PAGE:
Woolly nightshade - furry, but not friendly!
Although it may sound quite cute, there is nothing cuddly about the woolly nightshade.
Like much of the nightshade family, it is poisonous - so don’t eat the berries! In addition the fine ‘hairs’ that come off the plant can cause a reaction in some people, by touch or inhalation. It can grow to several metres in height if left unchecked and grows very quickly, outcompeting native plants. It will also shed berries all over the surrounding area. You don't want this growing in your backyard, especially if you’ve got kids or pets, or live close to a reserve.
So, have we convinced you yet that woolly nightshade is a plant to get rid of?
Read on to find out how to get rid of it.
About woolly nightshade
Woolly nightshade, also known as Tobacco weed, Kerosene plant or Solanum maritianum, is an invasive pest plant from Brazil. It spreads easily by seed, forming dense stands and prevents the establishment of native plants. All parts of the plant are poisonous to humans (especially the berries) so it’s important to remove it wherever it is found. The plant can cause skin and respiratory irritation where it stands and as it is removed, so care should be taken to cover up the skin, wear eye protection and a dust mask when controlling the pest plant.
What does it look like?
A sparse shrub or small tree to 10m tall, with whitish, soft-wooded stems. It’s large, velvety, oval grey-green leaves are covered in dusty hairs and whitish underneath. Dense clusters of mauve to purple flowers with yellow anthers appear from January to December, followed by clusters of ripe round berries (1cm diameter) that ripen from hard green to soft, dull yellow.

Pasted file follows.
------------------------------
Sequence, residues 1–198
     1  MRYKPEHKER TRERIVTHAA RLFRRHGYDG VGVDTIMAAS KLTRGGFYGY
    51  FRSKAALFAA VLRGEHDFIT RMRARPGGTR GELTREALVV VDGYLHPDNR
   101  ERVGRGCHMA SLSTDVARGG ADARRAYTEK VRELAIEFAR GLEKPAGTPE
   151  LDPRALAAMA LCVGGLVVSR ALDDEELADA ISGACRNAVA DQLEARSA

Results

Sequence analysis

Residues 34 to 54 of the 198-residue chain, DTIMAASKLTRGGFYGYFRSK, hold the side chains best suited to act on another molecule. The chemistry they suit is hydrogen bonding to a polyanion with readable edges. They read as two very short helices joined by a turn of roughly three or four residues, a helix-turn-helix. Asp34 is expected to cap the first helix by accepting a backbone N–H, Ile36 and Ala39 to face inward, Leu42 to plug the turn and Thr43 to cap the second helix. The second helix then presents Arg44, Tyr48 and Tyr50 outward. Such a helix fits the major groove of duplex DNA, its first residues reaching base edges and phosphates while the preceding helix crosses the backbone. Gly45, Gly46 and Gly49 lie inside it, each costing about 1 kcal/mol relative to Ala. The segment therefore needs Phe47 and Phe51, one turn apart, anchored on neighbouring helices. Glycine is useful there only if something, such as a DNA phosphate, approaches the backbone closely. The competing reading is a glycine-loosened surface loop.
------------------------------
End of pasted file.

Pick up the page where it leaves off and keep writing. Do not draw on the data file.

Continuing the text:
Why is it weedy?
Produces a toxic soil that inhibits other plants
Forms dense stands that outcompete native vegetation.
The seeds are easily spread by birds
Tolerates a wide range of conditions.
What can I do to get rid of it?
Pull or dig out the plant by the roots. Leave to rot on site
Bag up seeds and dispose of safely (drown in a container of water for a few months, dry and burn, or put out in your general rubbish for landfill.
Cut the base of the stem and cover with thick black polythene to exclude light. Cover polythene and entire root zone with 150mm deep mulch for 12 months.
Cut the base of the stem and paint stump with 1-2mm layer of a double strength glyphosate gel, such as Bamboo Buster, ensuring rim of stump is pasted.*
If safe to leave standing and die (such as a good distance from people or property) scrape 30cm of the stem close to the ground with a saw blade and then paint with this area with double strength glyphosate gel or picloram gel (not to be used near non-target plants or water).*
*Herbicides can be harmful if used incorrectly. Always read the label before using and get in touch if in doubt.
Auckland Council: Woolly nightshade
See page 34 of the Plant me instead booklet
Here are some things you can do to help tackle pest plants in your area:
Recognise - Learn what it looks like
Report - Use EcoTrack to report locations
Remove - Find out how to control the vine and get supplies from our Toolshed
Restore - Plant natives in its place, to stop it coming back, and to support our native wildlife